3. Deploy a non-real-time synchrophasor system, i.e. a wide-area measurement/monitoring system (WAMS), for all non-real-time operation use by authorized ComEd users
4. Set up communication network to support secure and quality of service assured data transfer between substations and the real-time and non-real-time systems

As shown in Figure 2, the deployment involves three stages, the jump-start stage (year 1 and 2), the full deployment stage (year 3 through 5), and the integration and enhancement stage (beyond year 5). Making production WAMS operation ready is the focus of the jump-start stage and deploying a production WASAS will be the focus of the full deployment stage.
Taking into consideration that for distribution systems, CIP compliance is not a requirement, synchrophasor has not been piloted before, generally communication infrastructure for synchrophasor is not readily available, and the diversity of different types of distribution circuits, the deployment roadmap selected for distribution system is as shown in Figure 3.
In the same five-year period, the deployment in distribution systems will go through three stages: the piloting stage, the initial deployment stage, and the expanded deployment stage with continued enhancement/evolvement beyond the five-year period.

ComEd transmission grid synchrophasor systems deployment: ComEd first implemented PMUs as a pilot project in conjunction with the DOE ARRA along with PJM and other PJM member companies. In 2015, ComEd decided to expand the initial pilot project into a full-scale deployment. Using the roadmap described earlier to justify the costs and to provide the overall architecture, ComEd initiated projects to build the IT infrastructure necessary for a large PMU deployment while also budgeting for 5 years of PMU deployments. The planning process for transmission projects has been updated to include PMUs as part of other reinforcement projects.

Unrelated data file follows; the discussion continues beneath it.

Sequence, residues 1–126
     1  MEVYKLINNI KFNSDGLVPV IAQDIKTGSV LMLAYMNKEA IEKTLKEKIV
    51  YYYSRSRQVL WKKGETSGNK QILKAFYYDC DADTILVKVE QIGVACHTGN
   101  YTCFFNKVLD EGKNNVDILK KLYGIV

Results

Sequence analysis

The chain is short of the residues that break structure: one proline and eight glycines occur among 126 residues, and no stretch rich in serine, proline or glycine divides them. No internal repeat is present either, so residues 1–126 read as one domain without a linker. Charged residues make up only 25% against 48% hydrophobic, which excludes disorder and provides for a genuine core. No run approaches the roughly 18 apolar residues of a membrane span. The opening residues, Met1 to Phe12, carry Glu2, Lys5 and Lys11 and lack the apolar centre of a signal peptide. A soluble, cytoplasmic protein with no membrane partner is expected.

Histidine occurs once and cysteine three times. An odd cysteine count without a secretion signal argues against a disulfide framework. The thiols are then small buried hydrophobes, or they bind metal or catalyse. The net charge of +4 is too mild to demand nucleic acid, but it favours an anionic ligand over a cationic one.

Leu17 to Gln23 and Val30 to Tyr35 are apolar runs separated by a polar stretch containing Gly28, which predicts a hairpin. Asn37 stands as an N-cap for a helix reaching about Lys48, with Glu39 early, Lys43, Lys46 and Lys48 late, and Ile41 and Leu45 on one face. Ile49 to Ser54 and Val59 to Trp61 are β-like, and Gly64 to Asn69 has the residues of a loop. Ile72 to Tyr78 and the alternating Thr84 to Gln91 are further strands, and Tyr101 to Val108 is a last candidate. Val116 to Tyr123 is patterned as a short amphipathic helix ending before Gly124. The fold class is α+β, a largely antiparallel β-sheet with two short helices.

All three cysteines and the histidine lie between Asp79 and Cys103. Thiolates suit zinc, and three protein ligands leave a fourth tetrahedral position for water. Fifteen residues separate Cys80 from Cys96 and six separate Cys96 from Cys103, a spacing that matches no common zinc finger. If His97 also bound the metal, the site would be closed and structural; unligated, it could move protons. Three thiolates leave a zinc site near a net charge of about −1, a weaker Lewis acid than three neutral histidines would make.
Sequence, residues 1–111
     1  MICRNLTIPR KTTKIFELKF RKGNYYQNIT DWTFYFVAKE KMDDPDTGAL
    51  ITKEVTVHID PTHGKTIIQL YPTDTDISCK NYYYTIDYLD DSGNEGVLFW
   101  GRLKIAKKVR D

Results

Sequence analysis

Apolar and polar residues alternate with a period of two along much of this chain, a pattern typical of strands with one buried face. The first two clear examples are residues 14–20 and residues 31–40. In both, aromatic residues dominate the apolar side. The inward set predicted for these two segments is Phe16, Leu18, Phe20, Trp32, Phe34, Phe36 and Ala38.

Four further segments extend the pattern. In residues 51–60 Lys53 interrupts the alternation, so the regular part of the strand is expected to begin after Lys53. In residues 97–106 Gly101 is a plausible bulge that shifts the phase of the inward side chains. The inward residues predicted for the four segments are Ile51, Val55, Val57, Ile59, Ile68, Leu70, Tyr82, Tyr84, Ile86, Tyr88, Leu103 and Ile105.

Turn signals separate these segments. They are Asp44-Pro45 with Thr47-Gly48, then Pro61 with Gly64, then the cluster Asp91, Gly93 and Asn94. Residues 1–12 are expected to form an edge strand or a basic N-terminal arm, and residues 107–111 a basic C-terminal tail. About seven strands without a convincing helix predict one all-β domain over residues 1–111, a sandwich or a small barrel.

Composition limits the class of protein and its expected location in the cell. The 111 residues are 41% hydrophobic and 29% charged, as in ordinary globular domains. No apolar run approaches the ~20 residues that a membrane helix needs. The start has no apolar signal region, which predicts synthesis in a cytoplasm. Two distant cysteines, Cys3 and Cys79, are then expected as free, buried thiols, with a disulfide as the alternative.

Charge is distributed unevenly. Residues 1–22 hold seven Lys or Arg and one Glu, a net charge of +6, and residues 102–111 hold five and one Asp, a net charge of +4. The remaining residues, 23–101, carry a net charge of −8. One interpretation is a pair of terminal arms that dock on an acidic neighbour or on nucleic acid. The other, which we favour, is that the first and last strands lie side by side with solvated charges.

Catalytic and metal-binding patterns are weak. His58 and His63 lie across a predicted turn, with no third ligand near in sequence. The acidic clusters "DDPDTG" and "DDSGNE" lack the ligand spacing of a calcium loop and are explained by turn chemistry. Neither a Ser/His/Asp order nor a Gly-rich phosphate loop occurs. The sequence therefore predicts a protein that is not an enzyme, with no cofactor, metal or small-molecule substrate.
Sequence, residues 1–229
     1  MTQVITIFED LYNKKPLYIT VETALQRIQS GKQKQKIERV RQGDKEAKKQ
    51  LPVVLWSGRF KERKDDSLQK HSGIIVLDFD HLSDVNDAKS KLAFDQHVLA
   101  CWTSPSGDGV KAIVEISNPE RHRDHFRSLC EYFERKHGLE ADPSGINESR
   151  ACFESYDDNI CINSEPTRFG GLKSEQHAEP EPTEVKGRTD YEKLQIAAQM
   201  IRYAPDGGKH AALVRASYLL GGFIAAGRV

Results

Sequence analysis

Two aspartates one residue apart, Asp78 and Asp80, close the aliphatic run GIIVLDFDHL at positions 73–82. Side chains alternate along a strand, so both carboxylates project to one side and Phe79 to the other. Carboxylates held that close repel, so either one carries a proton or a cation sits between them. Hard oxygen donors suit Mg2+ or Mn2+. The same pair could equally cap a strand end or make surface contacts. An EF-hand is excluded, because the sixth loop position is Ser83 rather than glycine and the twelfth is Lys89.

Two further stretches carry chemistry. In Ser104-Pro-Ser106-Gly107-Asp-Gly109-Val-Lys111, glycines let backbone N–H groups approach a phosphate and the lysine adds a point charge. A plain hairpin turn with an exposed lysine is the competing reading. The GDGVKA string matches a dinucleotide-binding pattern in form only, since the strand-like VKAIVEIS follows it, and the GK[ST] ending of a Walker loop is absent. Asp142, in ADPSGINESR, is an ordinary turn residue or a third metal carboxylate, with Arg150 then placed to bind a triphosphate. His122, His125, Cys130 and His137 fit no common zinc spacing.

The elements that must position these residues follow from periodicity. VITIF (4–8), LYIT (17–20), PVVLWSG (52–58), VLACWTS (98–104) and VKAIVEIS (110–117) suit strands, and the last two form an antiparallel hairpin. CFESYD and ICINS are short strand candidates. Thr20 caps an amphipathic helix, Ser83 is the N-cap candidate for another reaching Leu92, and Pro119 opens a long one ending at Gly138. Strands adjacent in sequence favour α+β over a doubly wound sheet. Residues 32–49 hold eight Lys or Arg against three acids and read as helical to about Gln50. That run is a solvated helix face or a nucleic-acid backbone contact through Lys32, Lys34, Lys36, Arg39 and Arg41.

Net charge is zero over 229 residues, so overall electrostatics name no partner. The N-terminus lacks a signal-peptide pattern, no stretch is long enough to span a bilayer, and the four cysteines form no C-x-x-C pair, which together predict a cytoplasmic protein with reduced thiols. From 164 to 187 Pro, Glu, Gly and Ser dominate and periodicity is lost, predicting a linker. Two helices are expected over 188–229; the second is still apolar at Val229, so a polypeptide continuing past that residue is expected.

To account for future cyber security requirements and to separate real-time functions from engineering applications, ComEd’s IT infrastructure is divided into two subsystems as shown in Figure 4. The first, WASAS, or the Wide Area Situational Awareness System, is intended to support real-time control-room applications as well as secure, CIP compliant communications to the EMS and PJM. The WASAS system is upgradable to meet future CIP requirements as they arise. All synchrophasor data coming from transmission PMUs is sent directly to WASAS.
The second system, WAMS, or the Wide Area Measurement System, supports engineering and synchrophasor data analytics applications and long-term storage. Data and applications used for off-line and after-the-fact analysis have different security requirements than do real-time data and tools, so it makes sense to separate these functions to maintain security requirements where necessary and ease-of-use and accessibility where possible. Distribution synchrophasors have different cyber security requirements than transmission PMUs for data access and security in the field, so the distribution PMUs send their data to WAMS. WASAS forwards transmission PMU data to WAMS for use in engineering analysis and for long term storage.